Maya Angelou, a modern Renaissance woman who survived the harshest of childhoods to become a force on stage, screen, the printed page and the inaugural dais, has died. She was 86.
Wednesday, May 28, 2014
Statement from Dr. Maya Angelou’s Family:
Dr. Maya Angelou passed quietly in her home before 8:00 a.m. EST. Her family is extremely grateful that her ascension was not belabored by a loss of acuity or comprehension. She lived a life as a teacher, activist, artist and human being. She was a warrior for equality, tolerance and peace. The family is extremely appreciative of the time we had with her and we know that she is looking down upon us with love.
Guy B. Johnson
Global Renaissance Woman
Dr. Maya Angelou is one of the most renowned and influential voices of our time. Hailed as a global renaissance woman, Dr. Angelou is a celebrated poet, memoirist, novelist, educator, dramatist, producer, actress, historian, filmmaker, and civil rights activist. [click to continue...]
A Bibliographer’s Tribute
This Web page about Maya Angelou is done in tribute to her life and work , on the occasion of Hearts Day 2005 at Howard University. Because Maya Angelou is such a multitalented and accomplished artist and wise woman, the task of exhausting the voluminous material which has been written by and about this one individual professor, academic, writer, poet, entertainer, public speaker, philosopher, essayist … becomes daunting.
Having thus stated these sobering facts, the guide has, as much as possible, merged academic with art to reflect the totality of who Maya Angelou is . It is an excellent source for academic writing, and a wonderful muse. I hope you enjoy perusing it, as much as I enjoyed developing this page.
Celia C. Daniel: Bibliographer [click to continue...]
Dr. Angelou is the author of many phenomenal books. Here are the ones listed on her official website, Maya Angelou:
autobiographical series (six volumes)
”The caged bird sings
with a fearful trill
of things unknown
but longed for still
and his tune is heard
on the distant hill
for the caged bird
sings of freedom.”
Maya Angelou (b. 1928), U.S. author. Caged Bird, Shaker, Why Don’t You Sing? (1983).
”… the meanest life, the poorest existence, is attributed to God’s will, but as human beings become more affluent, as their living standard and style begin to ascend the material scale, God descends the scale of responsibility at a commensurate speed.”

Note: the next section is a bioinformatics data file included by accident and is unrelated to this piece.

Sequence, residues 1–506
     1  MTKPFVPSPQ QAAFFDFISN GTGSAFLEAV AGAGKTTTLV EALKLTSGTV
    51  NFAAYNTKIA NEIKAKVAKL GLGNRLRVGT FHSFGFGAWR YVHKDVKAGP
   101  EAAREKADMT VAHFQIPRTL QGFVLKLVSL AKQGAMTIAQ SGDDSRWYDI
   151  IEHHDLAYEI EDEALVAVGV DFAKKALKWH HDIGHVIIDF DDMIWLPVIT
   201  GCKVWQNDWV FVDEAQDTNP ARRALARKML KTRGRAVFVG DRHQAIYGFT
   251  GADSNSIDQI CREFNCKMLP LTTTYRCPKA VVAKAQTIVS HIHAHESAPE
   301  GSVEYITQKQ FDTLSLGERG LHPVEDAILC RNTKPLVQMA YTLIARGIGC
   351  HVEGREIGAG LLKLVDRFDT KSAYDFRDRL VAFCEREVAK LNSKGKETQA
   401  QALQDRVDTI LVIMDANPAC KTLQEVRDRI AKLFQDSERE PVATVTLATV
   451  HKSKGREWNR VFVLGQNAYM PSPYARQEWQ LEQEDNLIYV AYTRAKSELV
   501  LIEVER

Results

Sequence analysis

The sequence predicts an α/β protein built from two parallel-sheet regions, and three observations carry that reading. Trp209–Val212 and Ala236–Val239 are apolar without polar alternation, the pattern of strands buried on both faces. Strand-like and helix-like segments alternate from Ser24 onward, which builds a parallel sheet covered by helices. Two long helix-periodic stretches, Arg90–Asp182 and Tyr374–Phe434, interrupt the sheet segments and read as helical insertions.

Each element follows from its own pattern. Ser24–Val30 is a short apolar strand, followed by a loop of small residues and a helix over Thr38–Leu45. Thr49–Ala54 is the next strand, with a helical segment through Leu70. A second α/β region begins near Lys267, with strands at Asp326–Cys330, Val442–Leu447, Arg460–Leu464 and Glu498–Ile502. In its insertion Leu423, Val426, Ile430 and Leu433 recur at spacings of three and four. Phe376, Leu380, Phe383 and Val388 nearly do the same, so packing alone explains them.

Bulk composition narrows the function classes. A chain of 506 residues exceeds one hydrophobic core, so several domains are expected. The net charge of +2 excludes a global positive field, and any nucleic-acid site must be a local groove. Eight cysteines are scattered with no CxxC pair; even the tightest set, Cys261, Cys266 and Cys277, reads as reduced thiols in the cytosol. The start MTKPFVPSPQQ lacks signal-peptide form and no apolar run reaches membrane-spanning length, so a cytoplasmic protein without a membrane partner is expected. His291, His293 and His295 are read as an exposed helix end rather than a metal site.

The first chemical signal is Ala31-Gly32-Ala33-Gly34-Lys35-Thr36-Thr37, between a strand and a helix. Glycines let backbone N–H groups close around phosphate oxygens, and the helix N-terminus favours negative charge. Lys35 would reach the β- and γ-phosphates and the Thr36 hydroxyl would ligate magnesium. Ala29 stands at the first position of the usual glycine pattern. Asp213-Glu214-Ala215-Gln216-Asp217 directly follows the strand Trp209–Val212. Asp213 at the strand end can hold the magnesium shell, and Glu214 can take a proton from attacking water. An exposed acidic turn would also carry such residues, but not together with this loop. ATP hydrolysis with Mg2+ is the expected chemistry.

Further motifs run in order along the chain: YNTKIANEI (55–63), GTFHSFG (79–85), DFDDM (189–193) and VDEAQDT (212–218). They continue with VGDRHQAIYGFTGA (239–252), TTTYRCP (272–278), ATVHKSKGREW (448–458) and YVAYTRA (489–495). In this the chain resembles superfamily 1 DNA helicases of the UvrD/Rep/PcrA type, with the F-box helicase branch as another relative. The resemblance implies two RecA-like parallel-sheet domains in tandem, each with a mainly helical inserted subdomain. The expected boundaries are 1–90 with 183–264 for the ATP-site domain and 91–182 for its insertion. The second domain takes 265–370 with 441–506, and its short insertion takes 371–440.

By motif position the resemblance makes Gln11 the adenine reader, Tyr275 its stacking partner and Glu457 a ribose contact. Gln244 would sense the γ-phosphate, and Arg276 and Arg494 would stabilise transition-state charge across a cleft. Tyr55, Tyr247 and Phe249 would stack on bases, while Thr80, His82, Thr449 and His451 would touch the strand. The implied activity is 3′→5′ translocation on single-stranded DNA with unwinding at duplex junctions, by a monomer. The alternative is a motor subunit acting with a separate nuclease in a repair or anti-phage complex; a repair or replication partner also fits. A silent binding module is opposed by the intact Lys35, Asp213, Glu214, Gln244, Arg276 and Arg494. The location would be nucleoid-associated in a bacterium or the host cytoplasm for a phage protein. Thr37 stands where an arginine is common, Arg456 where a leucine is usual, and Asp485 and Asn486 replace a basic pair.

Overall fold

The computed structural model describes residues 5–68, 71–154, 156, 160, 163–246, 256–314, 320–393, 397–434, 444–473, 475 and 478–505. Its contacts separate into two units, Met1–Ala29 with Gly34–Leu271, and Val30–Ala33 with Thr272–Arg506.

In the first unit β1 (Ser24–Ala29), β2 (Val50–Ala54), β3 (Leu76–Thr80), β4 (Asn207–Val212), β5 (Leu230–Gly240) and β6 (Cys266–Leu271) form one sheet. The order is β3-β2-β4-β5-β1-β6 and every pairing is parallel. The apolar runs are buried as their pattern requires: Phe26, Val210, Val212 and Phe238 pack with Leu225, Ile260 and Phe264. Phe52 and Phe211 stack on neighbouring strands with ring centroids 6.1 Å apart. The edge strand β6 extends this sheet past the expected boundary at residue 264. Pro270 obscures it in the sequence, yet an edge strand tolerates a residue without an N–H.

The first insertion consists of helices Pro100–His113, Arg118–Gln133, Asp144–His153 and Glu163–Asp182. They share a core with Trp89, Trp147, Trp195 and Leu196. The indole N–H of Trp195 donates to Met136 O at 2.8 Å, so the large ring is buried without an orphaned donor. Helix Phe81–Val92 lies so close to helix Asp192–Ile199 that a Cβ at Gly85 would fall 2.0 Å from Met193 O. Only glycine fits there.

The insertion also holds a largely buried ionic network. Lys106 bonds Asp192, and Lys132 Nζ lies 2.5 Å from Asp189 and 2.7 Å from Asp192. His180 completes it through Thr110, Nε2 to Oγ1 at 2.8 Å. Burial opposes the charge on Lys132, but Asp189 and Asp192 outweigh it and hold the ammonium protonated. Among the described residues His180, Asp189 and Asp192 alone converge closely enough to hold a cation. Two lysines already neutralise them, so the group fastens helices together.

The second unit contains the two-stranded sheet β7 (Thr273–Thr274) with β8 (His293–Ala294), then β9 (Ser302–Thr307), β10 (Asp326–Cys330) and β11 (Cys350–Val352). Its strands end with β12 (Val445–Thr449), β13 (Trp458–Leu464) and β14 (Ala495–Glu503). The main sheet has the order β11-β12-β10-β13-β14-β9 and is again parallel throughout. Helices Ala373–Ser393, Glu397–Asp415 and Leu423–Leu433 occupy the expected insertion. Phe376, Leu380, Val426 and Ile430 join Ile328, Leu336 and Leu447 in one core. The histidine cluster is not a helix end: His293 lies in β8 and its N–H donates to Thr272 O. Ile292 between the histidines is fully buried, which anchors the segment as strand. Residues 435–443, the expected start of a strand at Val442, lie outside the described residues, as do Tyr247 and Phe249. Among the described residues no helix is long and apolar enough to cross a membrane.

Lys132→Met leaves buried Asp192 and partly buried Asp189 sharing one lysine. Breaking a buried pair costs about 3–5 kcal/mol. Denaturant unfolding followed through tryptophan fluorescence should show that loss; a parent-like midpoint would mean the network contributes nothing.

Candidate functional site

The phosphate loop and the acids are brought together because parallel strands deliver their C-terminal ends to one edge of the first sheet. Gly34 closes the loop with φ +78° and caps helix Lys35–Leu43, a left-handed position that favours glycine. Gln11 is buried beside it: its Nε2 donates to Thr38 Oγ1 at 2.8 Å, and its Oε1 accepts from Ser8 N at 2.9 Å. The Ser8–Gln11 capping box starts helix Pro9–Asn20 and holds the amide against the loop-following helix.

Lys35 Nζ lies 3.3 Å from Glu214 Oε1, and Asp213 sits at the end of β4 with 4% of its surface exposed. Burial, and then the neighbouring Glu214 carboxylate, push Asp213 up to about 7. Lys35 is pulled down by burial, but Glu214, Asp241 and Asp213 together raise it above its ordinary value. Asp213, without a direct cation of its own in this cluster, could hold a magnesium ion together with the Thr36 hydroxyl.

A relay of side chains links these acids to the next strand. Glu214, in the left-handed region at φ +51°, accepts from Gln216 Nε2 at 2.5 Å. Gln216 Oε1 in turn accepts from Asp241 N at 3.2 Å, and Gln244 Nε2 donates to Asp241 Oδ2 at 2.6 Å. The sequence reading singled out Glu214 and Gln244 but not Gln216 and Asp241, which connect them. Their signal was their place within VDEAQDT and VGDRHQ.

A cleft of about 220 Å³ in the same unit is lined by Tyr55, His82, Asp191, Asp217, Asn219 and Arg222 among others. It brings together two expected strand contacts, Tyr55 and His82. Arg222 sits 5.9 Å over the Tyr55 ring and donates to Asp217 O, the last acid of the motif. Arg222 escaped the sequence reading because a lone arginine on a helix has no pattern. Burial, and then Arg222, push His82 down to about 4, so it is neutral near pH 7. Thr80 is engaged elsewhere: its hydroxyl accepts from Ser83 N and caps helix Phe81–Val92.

Maya Angelou (b. 1928), African American poet, autobiographer, and performer. I Know Why the Caged Bird Sings, ch. 18 (1970).
”We had won. Pimps got out of their polished cars and walked the streets of San Francisco only a little uneasy at the unusual exercise. Gamblers, ignoring their sensitive fingers, shook hands with shoeshine boys…. Beauticians spoke to the shipyard workers, who in turn spoke to the easy ladies…. I thought if war did not include killing, I’d like to see one every year. Something like a festival.”
Maya Angelou (b. 1928), U.S. author, poet. Gather Together in My Name, vol. 2, prologue (1974).
”If you have only one smile in you, give it to the people you love. Don’t be surly at home, then go out in the street and start grinning “Good morning” at total strangers.”
Maya Angelou (b. 1928), U.S. author. Singin’ and Swingin’ and Gettin’ Merry Like Christmas, vol. 3, ch. 5 (1976). Quoting her mother’s advice.
additional autobiographical work
”Men themselves have wondered
What they see in me.
They try so much
But they can’t touch
My inner mystery.
When I try to show them,
They say they still can’t see.
It’s in the arch of my back,
The sun of my smile,
The ride of my breasts,
The grace of my style.
I’m a woman
Maya Angelou (b. 1928), U.S. author. Phenomenal Woman, And Still I Rise (1978).
”Leaving behind nights of terror and fear
Into a daybreak that’s wondrously clear
Bringing the gifts that my ancestors gave,
I am the dream and the hope of the slave.
Maya Angelou (b. 1928), U.S. African American poet, author, educator. “Still I Rise,” in Phenomenal Woman: Four Poems Celebrating Women, p. 9, Random House (1994).
food, cooking, recipes
These films are listed on Dr. Angelou’s website:
See Maya Angelou on YouTube
Prior to writing this post, I knew pitifully little about Maya Angelou, a truly phenomenal woman. I now plan to learn more about her, to be inspired by her works and her life. How about you? How have you been inspired by Maya Angelou?